Federal Grants Boost Mississippi's Teen Pregnancy Prevention Efforts

Mississippi may have the highest teen birth rate in the nation, but officials at the state’s health and human services departments have reason to be hopeful that they can make a change. Some of the things fueling their optimism: a new law mandating sex education in the schools, a governor’s initiative to reduce teen pregnancy, and two grants from the Family and Youth Services Bureau’s Adolescent Pregnancy Prevention Program.

“What we want to see is a decrease in teen pregnancies,” says Dr. Mary Currier, state health officer at the Mississippi State Department of Health.

Funding from the Personal Responsibility Education Program has enabled her department to provide training and support for sex education in 27 school districts. Located in the 15 counties with the highest teen birth rates, the districts will put in place “abstinence-plus” curricula that have been shown to be effective at reducing rates of teen pregnancy and birth and sexually transmitted diseases.

“We wanted to know we’re supporting something that can be effective if it’s implemented with fidelity,” Dr. Currier says. Her department works closely with the Mississippi Department of Education, which oversaw the process of compiling a list of curricula from which the school districts could choose.

Dr. Currier, who took part in the vetting process, says she was impressed by the educational materials. “It’s not all about sex. It’s about respecting yourself and respecting others and negotiating relationships. It’s really about how to be an adult in a difficult world. They’re things you’d want your kids to know about how to relate to other people.”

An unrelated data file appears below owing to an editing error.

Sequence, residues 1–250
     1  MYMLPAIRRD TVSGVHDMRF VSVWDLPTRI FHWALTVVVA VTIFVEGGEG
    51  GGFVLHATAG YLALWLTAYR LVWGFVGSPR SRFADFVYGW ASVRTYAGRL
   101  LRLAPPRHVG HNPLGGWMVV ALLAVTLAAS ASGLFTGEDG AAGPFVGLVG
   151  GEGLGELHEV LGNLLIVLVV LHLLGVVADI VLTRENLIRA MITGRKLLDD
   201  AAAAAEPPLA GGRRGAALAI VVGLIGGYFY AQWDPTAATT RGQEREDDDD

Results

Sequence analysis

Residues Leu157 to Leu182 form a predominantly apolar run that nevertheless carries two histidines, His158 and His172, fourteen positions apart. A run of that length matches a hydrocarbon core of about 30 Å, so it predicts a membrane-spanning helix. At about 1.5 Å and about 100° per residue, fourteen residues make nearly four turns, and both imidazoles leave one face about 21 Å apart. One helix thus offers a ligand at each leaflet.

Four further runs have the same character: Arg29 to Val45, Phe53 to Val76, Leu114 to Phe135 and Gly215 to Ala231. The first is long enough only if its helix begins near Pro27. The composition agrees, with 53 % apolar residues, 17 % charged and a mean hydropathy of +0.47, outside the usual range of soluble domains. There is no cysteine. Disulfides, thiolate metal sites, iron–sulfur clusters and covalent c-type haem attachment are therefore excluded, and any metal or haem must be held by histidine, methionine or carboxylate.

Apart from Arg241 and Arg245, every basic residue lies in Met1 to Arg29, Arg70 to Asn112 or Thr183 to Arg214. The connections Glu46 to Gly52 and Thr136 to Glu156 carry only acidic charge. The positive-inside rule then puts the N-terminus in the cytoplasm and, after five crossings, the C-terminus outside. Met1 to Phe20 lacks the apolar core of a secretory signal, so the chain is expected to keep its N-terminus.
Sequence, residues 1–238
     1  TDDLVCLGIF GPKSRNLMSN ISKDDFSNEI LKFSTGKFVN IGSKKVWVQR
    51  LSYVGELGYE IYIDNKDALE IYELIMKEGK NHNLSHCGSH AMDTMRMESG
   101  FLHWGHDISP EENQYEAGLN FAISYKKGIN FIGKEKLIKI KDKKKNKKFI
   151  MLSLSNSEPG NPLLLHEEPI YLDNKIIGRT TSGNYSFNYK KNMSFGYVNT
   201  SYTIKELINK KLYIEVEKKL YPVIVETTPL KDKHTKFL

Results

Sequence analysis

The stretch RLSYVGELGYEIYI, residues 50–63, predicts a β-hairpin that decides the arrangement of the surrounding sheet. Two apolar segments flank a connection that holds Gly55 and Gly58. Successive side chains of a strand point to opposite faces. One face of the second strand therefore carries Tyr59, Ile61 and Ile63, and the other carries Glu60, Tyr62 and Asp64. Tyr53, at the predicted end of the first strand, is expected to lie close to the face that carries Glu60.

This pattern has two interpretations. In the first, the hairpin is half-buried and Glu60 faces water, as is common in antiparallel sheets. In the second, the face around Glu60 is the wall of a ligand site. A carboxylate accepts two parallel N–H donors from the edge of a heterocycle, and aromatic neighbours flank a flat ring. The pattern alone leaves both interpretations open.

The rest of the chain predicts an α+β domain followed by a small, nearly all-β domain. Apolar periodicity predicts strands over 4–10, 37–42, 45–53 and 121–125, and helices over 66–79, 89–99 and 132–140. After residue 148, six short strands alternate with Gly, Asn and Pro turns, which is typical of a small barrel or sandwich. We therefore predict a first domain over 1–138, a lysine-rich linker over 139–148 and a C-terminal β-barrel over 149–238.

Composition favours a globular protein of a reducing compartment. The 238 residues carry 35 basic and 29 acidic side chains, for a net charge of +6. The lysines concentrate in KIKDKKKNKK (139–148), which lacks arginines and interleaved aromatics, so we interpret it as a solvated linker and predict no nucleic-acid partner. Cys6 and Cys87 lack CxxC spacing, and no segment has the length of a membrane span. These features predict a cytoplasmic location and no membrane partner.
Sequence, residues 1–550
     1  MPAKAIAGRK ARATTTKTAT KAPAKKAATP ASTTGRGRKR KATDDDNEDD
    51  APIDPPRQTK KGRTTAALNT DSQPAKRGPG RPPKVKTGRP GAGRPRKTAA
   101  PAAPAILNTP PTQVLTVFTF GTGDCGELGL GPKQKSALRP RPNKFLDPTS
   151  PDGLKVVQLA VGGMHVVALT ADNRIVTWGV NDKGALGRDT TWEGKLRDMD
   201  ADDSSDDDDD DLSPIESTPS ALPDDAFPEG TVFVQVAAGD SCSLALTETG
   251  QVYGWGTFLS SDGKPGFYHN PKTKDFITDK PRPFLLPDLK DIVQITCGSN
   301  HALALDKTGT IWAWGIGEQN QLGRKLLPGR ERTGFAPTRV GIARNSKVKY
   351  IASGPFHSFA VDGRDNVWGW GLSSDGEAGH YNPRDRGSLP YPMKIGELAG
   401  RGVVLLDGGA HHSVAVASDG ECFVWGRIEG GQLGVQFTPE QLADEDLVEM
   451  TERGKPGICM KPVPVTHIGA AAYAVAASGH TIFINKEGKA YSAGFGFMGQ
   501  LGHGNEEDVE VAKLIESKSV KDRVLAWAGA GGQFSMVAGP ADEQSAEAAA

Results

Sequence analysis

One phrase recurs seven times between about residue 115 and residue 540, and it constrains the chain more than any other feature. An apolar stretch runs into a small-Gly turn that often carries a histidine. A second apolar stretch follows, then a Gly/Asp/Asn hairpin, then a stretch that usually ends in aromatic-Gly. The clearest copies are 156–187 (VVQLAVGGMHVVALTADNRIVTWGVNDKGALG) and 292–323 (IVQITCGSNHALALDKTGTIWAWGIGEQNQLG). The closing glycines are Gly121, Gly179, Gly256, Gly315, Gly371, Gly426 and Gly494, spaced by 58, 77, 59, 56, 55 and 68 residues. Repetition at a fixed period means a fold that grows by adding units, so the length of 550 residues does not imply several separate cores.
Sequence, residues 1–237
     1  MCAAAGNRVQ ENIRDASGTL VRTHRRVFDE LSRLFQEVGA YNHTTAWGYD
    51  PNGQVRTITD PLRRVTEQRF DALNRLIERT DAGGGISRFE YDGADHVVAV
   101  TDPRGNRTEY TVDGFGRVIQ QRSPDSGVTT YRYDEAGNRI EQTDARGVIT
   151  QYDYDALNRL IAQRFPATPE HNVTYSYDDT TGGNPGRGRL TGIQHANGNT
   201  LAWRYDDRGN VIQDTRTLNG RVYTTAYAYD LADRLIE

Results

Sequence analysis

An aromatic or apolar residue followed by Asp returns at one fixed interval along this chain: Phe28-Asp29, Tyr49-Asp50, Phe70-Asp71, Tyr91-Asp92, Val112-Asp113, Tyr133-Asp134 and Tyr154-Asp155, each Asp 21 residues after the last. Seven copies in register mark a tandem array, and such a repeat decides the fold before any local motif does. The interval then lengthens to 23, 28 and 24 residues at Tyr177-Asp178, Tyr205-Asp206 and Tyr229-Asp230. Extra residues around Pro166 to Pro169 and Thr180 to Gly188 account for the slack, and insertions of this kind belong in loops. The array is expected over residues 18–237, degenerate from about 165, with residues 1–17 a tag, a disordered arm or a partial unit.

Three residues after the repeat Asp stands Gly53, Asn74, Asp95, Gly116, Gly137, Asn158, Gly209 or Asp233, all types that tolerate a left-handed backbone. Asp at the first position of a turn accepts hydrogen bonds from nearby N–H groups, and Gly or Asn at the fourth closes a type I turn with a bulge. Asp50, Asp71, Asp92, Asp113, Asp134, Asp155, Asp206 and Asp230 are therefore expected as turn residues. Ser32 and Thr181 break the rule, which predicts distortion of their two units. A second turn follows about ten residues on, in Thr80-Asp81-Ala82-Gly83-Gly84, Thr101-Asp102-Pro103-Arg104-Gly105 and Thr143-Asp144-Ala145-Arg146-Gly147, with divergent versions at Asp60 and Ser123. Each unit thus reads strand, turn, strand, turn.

Also collaborating in the effort to reduce the state’s teen pregnancy and birth rates are Mississippi’s Boys and Girls Clubs. Thirty clubs throughout the state have received funding from the Mississippi Department of Human Services, via its State Abstinence Education grant from FYSB.

Vera Butler, bureau director of the Foundation for Families and Support at the department says clubs will use the “Choose the Best” abstinence education curriculum and their own youth development programs.  

Clubs will also teach parents about the issue. “We’ve got to go out and educate the parents so that they can understand what their kids are learning,” Butler says.

Both the health and human services department, along with the state department of education’s Office of Healthy Schools, are taking an active role in the governor’s initiative, called Healthy Teens for a Better Mississippi. Butler and Dr. Currier say collaboration is essential to getting their state out of that top spot on the teen birth rate list.

“It takes approaching this issue from every side you can ever think of to make a difference,” Dr. Currier says.